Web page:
(HealthDay News) — Laparoscopically confirmed endometriosis is associated with increased subsequent risk for coronary heart disease (CHD), according to a study published in Circulation: Cardiovascular Quality and Outcomes.
Fan Mu, ScD, from Brigham and Women’s Hospital in Boston, and colleagues assessed the correlation between laparoscopically confirmed endometriosis and subsequent CHD. The correlation was assessed among 116 430 women from the Nurses’ Health Study II, excluding those with a history of heart disease and stroke.
The researchers found that women with laparoscopically confirmed endometriosis had a higher risk for myocardial infarction, angiographically confirmed angina, coronary artery bypass graft surgery/coronary angioplasty procedure/stent, or any of these CHD outcomes combined (relative risks, 1.52, 1.91, 1.35, and 1.62, respectively), compared with women without endometriosis.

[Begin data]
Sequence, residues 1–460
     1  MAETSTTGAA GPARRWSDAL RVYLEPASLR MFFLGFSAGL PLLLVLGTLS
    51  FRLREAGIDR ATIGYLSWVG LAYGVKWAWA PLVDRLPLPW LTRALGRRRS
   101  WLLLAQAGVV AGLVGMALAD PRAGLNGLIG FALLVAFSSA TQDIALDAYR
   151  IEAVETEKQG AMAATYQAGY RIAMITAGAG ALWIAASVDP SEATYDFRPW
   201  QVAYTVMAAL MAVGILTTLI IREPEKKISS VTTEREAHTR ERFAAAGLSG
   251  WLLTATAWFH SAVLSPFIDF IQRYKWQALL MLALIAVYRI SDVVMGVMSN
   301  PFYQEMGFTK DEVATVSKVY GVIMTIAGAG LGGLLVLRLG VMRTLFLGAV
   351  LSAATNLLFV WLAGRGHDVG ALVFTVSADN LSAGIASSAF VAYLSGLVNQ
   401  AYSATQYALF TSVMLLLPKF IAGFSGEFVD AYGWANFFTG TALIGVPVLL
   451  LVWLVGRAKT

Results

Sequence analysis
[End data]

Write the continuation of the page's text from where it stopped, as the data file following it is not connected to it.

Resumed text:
These findings were independent of potential demographic, anthropometric, family history, reproductive, and lifestyle confounding variables.
Women aged 40 years and younger had the highest relative risk for the combined CHD end point (relative risk, 3.08), which decreased with increasing age. The risk for combined CHD was elevated for those having had a hysterectomy/oophorectomy (relative risk, 1.51). Overall, 42% of the correlation between endometriosis and CHD was attributable to greater frequency of hysterectomy/oophorectomy and earlier age at surgery after endometriosis diagnosis.
“These data have implications for clinical management of endometriosis patients, suggesting that women with endometriosis may represent a high-risk group for CHD,” the researchers wrote.
- Mu F, Rich-Edwards J, Rimm EB, Speigelman D, Missmer SA. Endometriosis and Risk of Coronary Heart Disease. Circ Cardiovasc Qual Outcomes. 2016. doi:10.1161/CIRCOUTCOMES.115.002224.